Friday, July 25, 2014

Ed News Roundup

There are so many truly "must-read" stories I'm going to group them into different threads.

This one?  The "everything but the kitchen sink one."

First up, in New London, Connecticut, the school board has postpone the hiring of one Terrence P. Carter as superintendent.  Why?  Because apparently the search firm they hired managed to miss that he had been using "PhD" and "Dr." for at least five years with no accredited degree.  (He lied about going to Stanford and getting his degree when he never even attended it.  What's weird is that he is completing a Ph.D. from a university and will be awarded it in August.  So why lie?)

The search firm almost missed that he declared bankruptsy twice in the last 15 years.

Some members of their board said they can't just go on what the Internet or newspapers say (and indeed they shouldn't).  But this is not rocket science so why didn't their search firm?  Why don't they look on their own?  Very strange and yet another reason to wonder about superintendent search firms.

Want to give your kids about 15 seconds of U.S. History?  From Slate, an interactive map of all the land that the United States took from Native Americans.

From the Center for American Progress, a liberal think-tank, a study - district-by-district - of "Return on Educational Investment."  I confess I have not gone deeply into this one but let me know what you think if you look it over.  Highest per pupil spending In WA State? LaConner  School district at $15,645.  Seattle?  $11, 154.  Lowest? Quillayute Valley School District at $6,072.

Thought the use of race in enrollment/admissions was over?  A three-judge panel of the U.S. Court of Appeals upheld the University of Texas, Austin's use of race in consideration of several factors for admission.

North Carolina's governor signed a Common Core repeal bill on July 23rd.  MSNBC is all in a-twitter saying, it's the "destruction" of Common Core because of politics.  I absolutely think there is definitely some politics in there but to ignore ALL the other issues around Common Core is wrong.  But NBC and their "Education Nation" have a definite ed reform slant and this story is no different.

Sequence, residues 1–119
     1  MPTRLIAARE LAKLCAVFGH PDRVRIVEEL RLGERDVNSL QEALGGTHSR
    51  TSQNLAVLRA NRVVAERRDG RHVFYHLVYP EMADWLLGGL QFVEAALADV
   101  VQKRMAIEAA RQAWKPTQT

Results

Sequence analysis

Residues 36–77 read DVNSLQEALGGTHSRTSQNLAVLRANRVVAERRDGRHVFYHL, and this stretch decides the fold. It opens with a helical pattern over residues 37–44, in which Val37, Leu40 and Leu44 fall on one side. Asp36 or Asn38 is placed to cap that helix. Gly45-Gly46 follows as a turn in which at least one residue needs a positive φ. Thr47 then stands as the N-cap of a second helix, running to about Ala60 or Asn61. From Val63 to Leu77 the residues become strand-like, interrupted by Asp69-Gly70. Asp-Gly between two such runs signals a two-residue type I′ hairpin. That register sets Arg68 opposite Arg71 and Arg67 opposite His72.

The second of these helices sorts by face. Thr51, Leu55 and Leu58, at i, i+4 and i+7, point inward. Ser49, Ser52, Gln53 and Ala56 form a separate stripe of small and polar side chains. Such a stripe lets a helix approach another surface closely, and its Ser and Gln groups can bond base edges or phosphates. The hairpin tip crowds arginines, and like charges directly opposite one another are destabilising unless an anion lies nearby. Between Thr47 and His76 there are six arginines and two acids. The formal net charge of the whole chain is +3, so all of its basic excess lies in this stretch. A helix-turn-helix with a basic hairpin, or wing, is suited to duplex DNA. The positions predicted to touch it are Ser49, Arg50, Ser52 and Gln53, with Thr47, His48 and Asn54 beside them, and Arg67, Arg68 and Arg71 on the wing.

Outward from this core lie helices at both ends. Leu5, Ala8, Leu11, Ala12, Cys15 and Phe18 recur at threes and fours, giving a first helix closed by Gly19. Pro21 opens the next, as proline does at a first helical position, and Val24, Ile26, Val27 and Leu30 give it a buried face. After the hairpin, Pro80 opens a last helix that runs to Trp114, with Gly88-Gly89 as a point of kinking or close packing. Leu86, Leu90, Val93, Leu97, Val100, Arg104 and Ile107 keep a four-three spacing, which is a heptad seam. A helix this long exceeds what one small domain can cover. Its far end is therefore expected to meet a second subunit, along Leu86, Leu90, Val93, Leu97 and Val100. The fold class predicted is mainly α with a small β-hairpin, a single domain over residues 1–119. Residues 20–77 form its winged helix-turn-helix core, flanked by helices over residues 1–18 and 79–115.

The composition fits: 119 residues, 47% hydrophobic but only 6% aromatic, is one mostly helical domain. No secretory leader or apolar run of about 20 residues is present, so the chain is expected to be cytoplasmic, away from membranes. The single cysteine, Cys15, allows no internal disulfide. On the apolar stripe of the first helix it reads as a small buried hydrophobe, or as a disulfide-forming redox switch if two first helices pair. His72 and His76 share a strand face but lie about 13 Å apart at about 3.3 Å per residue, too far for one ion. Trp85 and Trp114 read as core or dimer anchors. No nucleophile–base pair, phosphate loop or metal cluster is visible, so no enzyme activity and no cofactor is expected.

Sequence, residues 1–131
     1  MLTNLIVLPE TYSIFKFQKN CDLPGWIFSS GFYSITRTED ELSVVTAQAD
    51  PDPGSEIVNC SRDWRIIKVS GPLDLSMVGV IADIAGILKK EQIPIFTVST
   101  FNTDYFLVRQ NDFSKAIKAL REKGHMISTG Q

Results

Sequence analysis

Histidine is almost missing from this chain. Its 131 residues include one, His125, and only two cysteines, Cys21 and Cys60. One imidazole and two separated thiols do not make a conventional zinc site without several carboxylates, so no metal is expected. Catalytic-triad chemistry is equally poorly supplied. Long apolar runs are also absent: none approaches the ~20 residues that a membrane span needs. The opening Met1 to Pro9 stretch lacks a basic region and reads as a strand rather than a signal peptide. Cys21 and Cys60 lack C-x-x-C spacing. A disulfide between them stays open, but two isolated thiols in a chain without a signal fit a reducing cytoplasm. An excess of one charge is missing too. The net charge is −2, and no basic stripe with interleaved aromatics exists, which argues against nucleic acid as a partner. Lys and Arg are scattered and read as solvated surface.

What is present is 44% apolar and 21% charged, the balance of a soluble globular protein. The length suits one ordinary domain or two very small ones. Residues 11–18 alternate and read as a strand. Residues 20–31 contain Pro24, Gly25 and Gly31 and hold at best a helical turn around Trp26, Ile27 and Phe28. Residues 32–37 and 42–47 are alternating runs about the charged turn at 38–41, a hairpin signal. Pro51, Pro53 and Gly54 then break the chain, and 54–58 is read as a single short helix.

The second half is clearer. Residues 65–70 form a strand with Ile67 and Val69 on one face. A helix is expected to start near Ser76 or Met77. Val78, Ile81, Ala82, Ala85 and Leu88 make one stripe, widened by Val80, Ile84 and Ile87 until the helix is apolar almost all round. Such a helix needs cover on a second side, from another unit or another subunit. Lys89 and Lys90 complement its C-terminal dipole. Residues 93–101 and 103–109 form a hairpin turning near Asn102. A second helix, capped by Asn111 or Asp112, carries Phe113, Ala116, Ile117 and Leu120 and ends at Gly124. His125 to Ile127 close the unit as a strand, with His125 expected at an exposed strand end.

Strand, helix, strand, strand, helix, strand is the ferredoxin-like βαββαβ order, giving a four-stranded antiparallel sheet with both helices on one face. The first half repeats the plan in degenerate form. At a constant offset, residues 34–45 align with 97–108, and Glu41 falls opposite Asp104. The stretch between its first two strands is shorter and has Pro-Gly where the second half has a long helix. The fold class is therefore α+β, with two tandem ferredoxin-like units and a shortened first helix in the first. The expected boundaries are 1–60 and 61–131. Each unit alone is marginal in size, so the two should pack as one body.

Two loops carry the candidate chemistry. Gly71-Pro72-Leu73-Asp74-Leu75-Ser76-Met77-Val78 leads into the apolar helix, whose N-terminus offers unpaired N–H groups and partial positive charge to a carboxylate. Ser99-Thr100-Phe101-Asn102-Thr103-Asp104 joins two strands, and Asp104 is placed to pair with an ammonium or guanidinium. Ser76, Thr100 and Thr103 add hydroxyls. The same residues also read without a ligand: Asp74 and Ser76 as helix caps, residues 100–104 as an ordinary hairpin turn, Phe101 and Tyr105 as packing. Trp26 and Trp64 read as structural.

In what is an ever-growing story out of Ohio, the mess that is the charter school system in their state gets worse. 

The State Board of Education ordered an immediate investigation yesterday of a chain of 19 charter schools in response to sweeping allegations of test cheating, attendance tampering, improper sexual conduct and other misdeeds.

From Forbes magazine, the story of a graduating class of college students with the majority being women engineers.  There may be some lessons in here.

A few weeks ago at Harvey Mudd’s annual commencement, we broke a record: we graduated more female engineers than male. In the class of 2014, 56% of students receiving engineering degrees were women. This is certainly the first time in Harvey Mudd’s history that we’ve had a class with more women majoring in engineering than men; as far as we know it’s the first time for any co-ed U.S. college.

Kansas, because of cyberattacks and other computer issues during standardized testing this past spring, will not be issuing a report on how students did nor how districts/schools scored.  If districts aren't  up-to-snuff on their technology, this may be a foretelling for Common Core assessments.

From The Atlantic, "Athletes are More Likely to Finish High School Than Non-Athletes."  

What does it take to get a kid to stay in school and graduate? Sometimes motivation is highly external: New York City has experimented with paying students when they get good grades. Sometimes it’s highly internal: Angela Duckworth’s research focuses on how personality traits like “grit” and perseverance help students persist through hardships at school. Both of these extremes are elusive and hard to implement: Not every city has a wealthy mayor who wants to help bankroll a student-payment system. Not every child has “grit”—and researchers don’t really know how to teach it.

A new study from the University of Kansas suggests that there’s a simpler, more universal way to motivate students: Give them a reason to come to school—even if that reason has nothing to do with academics.


Anonymous said...

Why even mention it, those so called PHD's are well... as good as the latest C-CRAP


Melissa Westbrook said...

There are PhDs and then there are PhDs. Trying to get one online is very different from earning one.